Protecting County Payments
Unless Congress acts, local governments in Oregon will lose massive amounts of funding. Over $149 million for schools, crime prevention, libraries, and more—funds that are part of a 100-year old promise.
At issue is a program called the Secure Rural Schools and Community Self-Determination Act. The Act guarantees federal funds to rural counties that used to benefit from timber sales from logging on federal lands. The law expired at the end of 2006, and unless Congress acts, the funds will dry up in the summer of 2007.
How did this happen?
Writing in the Oregonian, a teacher named Edwin Battistella explains it best:
How we got here is a long story. More than half of Oregon is federal land. In the 1860s, the government granted about 4 million acres of Western Oregon forestland to what soon became the Oregon & California Rail Road Co. to promote construction of a rail line from Portland to California. The company managed the land so corruptly that President Theodore Roosevelt intervened, and much of the land was eventually returned to public ownership. The result was that taxable property at the county level was cut nearly in half.
Part of a century-old deal was that logging revenue from this land would be shared by the federal government with local counties. For almost 90 years, timber revenue far outpaced local property taxes in much of rural Oregon. But in the 1990s, timber revenue declined by about 70 percent, and today property taxes are the main source of local revenue. Until this year, however, a remnant of the timber payments continued as safety-net funding for counties under the Secure Rural Schools and Community Self-Determination Act.
This act was passed at a time when the federal budget had projected surpluses. Now Congress has chosen not to reauthorize it. Of course, it's not just one county in Oregon that will be affected. Altogether, 700 counties in 39 states are facing crises because of the act's demise. But Oregon will be the hardest hit: Last year Oregon counties received more than $149 million; California was second with about $66 million.
What's happening now?
Senator Wyden is standing tall for Oregon. He's going toe-to-toe with the Bush Administration - who want the county payments to end:
"The Administration must understand how vital these funds are for rural communities. Without this funding, children will be denied educational opportunity, rural commerce will suffer and public safety will decline. There is no issue more important to the life and future of rural communities than funding county payments."
Most importantly, Senator Wyden has pulled together a bipartisan coalition of Senators from Western states to co-sponsor a new Secure Rural Schools and Community Self Determination Reauthorization Act of 2007. They include Senators Ted Stevens (R-AK), Patty Murray (D-WA), Gordon Smith (R-OR), Diane Feinstein (D-CA), Barbara Boxer (D-CA), Maria Cantwell (D-WA) and Jon Tester (D-MT).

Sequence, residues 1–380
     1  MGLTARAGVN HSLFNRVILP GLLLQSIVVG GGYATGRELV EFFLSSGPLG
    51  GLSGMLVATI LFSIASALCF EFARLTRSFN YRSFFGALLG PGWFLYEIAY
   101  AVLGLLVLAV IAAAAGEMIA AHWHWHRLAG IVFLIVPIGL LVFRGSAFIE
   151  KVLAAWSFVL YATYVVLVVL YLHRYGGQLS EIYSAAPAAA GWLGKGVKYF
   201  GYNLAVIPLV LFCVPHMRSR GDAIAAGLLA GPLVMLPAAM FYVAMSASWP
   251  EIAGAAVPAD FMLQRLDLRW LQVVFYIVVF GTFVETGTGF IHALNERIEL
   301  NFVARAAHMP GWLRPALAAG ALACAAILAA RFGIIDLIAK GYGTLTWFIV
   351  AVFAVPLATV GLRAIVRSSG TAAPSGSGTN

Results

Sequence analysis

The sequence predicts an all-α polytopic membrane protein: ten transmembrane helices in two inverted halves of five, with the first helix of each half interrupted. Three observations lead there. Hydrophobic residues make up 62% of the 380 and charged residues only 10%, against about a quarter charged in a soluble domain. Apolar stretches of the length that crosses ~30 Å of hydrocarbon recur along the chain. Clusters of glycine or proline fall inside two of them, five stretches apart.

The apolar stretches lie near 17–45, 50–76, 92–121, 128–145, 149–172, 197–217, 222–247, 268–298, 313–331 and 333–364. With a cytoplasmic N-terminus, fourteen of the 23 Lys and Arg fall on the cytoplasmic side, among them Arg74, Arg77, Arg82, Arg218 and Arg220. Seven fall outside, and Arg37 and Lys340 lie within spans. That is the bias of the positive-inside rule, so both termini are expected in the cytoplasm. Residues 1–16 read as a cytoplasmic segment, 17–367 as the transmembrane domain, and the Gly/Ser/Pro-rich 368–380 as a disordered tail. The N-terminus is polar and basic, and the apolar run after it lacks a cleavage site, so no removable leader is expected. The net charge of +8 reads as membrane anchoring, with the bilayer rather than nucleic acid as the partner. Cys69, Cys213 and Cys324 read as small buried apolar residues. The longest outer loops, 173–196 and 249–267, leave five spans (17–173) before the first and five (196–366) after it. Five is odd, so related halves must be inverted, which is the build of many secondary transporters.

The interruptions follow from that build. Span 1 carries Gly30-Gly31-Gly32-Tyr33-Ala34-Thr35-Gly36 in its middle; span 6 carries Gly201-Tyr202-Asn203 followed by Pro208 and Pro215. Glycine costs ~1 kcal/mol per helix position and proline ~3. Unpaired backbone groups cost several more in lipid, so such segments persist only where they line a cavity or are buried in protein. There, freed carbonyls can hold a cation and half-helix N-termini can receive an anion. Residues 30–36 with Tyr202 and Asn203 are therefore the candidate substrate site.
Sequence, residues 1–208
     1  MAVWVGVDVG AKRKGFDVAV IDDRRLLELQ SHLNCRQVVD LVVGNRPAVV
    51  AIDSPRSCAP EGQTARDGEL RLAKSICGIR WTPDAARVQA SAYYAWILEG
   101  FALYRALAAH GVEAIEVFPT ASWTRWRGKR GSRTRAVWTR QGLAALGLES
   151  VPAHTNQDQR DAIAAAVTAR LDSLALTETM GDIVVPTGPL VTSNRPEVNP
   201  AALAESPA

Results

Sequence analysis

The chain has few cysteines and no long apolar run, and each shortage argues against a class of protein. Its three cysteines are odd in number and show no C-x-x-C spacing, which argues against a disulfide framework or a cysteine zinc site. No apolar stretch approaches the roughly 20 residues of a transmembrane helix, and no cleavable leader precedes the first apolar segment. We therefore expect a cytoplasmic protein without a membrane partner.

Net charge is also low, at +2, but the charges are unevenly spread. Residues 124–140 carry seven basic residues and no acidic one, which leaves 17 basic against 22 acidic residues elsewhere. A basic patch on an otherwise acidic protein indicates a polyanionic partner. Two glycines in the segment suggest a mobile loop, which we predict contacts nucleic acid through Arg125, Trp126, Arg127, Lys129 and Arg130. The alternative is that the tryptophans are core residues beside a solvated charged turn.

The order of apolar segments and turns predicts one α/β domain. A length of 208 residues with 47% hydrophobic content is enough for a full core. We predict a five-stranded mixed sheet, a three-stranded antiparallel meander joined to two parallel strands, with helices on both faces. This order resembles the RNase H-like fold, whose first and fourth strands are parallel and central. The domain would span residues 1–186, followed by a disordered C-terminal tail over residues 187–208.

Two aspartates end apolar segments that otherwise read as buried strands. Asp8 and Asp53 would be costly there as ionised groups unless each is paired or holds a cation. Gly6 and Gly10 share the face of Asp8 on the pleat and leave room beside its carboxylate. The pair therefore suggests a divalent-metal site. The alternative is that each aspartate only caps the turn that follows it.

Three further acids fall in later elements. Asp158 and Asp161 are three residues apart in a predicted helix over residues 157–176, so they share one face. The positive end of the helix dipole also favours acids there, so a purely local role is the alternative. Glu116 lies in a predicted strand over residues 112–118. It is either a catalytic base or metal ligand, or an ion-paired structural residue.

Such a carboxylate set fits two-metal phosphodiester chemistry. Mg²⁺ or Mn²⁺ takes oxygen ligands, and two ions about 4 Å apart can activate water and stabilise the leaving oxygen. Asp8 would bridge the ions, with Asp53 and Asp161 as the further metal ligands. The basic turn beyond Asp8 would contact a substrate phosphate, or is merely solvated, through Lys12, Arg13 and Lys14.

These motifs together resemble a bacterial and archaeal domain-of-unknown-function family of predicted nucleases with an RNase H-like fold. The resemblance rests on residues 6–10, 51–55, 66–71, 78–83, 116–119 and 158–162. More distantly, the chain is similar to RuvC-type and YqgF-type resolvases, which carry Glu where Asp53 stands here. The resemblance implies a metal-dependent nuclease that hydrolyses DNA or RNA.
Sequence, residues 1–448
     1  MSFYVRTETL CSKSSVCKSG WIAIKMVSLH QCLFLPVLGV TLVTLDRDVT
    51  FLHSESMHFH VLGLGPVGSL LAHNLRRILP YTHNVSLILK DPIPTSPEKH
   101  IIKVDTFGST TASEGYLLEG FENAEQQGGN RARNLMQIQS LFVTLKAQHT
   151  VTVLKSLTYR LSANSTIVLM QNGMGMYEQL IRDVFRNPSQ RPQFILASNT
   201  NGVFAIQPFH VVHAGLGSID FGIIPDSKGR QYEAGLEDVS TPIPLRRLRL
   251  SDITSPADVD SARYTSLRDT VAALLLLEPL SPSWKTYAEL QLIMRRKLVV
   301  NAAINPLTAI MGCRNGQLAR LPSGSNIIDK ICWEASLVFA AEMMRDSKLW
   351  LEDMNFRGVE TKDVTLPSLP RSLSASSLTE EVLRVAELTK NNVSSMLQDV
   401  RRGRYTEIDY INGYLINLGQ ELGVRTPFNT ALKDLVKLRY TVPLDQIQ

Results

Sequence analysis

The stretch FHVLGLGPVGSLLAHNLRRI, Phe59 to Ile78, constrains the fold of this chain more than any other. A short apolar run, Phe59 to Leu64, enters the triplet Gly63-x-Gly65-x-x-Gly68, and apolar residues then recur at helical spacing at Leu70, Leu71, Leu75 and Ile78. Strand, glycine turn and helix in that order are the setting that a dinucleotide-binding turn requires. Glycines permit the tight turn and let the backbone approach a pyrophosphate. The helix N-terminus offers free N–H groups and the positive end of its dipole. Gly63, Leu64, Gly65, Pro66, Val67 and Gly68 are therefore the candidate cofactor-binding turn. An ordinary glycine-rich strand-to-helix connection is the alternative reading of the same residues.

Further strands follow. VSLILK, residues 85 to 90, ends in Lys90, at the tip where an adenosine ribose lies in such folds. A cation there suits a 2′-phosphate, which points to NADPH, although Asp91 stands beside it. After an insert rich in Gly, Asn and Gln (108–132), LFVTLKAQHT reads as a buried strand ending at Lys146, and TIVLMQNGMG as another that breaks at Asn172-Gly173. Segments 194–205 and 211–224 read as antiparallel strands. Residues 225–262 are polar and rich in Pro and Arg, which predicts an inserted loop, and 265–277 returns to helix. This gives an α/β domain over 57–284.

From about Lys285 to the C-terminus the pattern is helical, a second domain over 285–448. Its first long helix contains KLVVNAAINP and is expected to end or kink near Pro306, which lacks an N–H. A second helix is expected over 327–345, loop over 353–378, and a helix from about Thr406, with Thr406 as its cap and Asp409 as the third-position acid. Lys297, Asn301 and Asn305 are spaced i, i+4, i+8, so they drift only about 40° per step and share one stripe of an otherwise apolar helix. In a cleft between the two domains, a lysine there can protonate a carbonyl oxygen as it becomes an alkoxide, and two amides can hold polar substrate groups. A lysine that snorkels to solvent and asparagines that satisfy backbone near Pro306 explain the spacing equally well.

Announcing the proposal, Senator Wyden said:
"In 2000, we hailed passage of the Secure Rural Schools and Community Self Determination Act as a victory for rural school children across the country. Today, it is the most important issue facing rural communities in Oregon. We must act now in order to get these counties off the fiscal roller coaster and back to stable funding for schools and public safety."
On March 6, Senator Wyden opened the first hearings in the Subcommittee on Public Lands and Natural Resources - of which he is the chairman. He argued forcefully:
It is important to recognize as we hold today’s hearing, the future of rural communities literally hangs in the balance. Countless sheriffs, teachers, librarians, county commissions, search and rescue squads, students and parents are watching—probably live on streaming video— to find out whether their jobs and their communities will survive or whether the Federal government will continue to honor an almost 100 year old obligation to rural counties. ...
The Administration is again proposing to sell off almost 275,000 acres of public lands as a way to fund the program, a proposal distinguished only by its ability to forge a bipartisan chorus of opposition in both the House and the Senate.
On March 20, Senator Wyden joined with Senators Harry Reid (D-NV), Max Baucus (D-MT), and Jeff Bingaman (D-NM) to announce a $5 billion multi-year deal - which will be included in the supplemental budget bill. Senator Wyden said:
"With Senator Reid’s leadership we have crafted a lifeboat to keep rural communities afloat. This proposal will mean more than $1 billion for Oregon schools, public safety, roads, and other essential county services. It couldn’t come at a more critical time."
On March 28, the US Senate voted 75-22 to include the Wyden-Reid-Baucus-Bingaman proposal in an emergency funding package.
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